No, the better question is:  how do I organize my time better?

Well, the problem is that I’m dithering.  I’m in the very early stages of Meet the Lidwells! and I’m chomping at the bit to get writin’.  I’m trying a new approach this time: preplanning by way of index cards and an outline instead of making it up as I go along.  [Noted: the reason I’m doing this is that the trilogy project took so damn long and needed so much clean-up afterwards that I figured being more organized might save me a hell of a lot of time.]  All this precision is driving me batty, because I’m so used to being a pantser writer.  I still have this excess energy with nowhere to put it, so it ends up getting wasted on skimming social media or futzing around with my music collection.

And to be honest, I had the same problem in the Belfry years.  I’ve talked about my time wasted playing multiple rounds of FreeCell (or worse, wasting twenty minutes pondering over my cd collection trying to decide what I was going to listen to that night).  And I definitely had the same problem during the Arkham West years.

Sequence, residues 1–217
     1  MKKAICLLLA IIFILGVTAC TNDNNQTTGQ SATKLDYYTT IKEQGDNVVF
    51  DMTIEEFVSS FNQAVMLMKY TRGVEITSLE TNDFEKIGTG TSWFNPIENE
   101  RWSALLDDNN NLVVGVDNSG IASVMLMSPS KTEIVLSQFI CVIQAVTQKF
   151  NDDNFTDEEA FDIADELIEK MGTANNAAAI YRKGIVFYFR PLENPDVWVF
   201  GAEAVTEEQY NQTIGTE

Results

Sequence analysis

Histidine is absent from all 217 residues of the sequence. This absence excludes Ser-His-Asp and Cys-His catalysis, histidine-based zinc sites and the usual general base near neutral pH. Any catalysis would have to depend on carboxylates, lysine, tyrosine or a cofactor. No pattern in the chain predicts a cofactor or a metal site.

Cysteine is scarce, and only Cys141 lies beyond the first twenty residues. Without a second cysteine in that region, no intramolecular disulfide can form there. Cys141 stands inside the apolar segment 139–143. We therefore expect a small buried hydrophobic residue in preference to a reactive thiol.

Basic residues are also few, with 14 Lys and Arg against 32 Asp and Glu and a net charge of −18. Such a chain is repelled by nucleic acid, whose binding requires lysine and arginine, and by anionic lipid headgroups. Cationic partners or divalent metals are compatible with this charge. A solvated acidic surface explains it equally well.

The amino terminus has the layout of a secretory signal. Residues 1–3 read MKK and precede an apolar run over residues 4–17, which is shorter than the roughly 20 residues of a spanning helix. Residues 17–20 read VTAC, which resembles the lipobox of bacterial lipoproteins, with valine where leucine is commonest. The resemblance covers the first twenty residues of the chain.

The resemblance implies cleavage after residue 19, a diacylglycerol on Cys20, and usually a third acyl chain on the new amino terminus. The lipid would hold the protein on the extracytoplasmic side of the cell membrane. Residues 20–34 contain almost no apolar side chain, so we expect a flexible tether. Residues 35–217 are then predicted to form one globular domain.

So what do I do?

Well, the best thing for me to do is to expand on that daily assignment regimen.

One of the steps I take is following my whiteboard schedule.  As you may have noticed, I’ve been reasonably consistent with my blog schedule here and at Walk in Silence.  I’ve also been good at writing the personal journal five days a week during Day Job hours.  I can expand on that, then.  I’ve already given myself a deadline of getting the indexing and outlining done for MtL! by the end of April, and to get the major writing started by the first of May.  I can certainly add more assignments with other projects if need be.

Mind you, I’m not trying to Write All the Things.  I’m just trying to be more productive.  It’s also a long and evolving process, so I can’t expect a complete change right off.  It takes time and practice.  And dedication.

It’ll take time, but I’d like to think it’s worth it.

Starting fresh

20170326_134449 (2)

In contrast to the previous post, where you got to see all the paperwork and whatnot that I accumulated during the writing of the trilogy, the above is pretty much everything I have for my new project, Meet the Lidwells!   A print out of the very rough draft I wrote two years ago using 750 Words, and a pile of index cards that I’ll be using to outline the next draft.

That’s it.  Well, okay, there’s a few MS Word files of an incomplete outline and a rewrite I wasn’t happy with, and an mp3 playlist I’m slowly building, but other than that…that’s all I have.

I’ve got a nifty idea for a cover in my head (which I’m hoping I can pull off, as I’m not sure if I’m able to do it in Photoshop).  I already know what the format’s going to be.  And if all works out, this will be one of my fastest project turnarounds ever.

But yeah.  Starting fresh.

I’m looking forward to it.